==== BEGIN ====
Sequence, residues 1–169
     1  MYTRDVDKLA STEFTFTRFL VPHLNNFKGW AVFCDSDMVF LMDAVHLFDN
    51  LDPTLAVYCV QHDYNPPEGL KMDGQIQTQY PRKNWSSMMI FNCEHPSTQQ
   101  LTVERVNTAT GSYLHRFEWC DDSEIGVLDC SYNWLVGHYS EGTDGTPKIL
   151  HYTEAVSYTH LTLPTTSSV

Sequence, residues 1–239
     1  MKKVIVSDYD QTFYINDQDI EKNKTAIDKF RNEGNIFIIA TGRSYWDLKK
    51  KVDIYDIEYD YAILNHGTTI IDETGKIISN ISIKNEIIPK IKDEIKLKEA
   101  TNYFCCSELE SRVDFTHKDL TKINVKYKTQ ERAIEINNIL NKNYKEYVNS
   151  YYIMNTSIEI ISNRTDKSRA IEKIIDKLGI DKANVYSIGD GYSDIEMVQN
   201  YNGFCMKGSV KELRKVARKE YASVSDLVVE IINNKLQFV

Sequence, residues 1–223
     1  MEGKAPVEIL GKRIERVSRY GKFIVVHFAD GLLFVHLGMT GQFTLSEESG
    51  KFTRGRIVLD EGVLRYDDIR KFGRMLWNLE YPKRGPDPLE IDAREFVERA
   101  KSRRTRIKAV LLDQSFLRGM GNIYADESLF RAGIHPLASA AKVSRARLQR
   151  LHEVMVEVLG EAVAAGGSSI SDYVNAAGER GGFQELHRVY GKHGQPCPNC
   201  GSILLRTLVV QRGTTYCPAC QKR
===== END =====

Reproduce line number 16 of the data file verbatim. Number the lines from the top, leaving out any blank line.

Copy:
   151  LHEVMVEVLG EAVAAGGSSI SDYVNAAGER GGFQELHRVY GKHGQPCPNC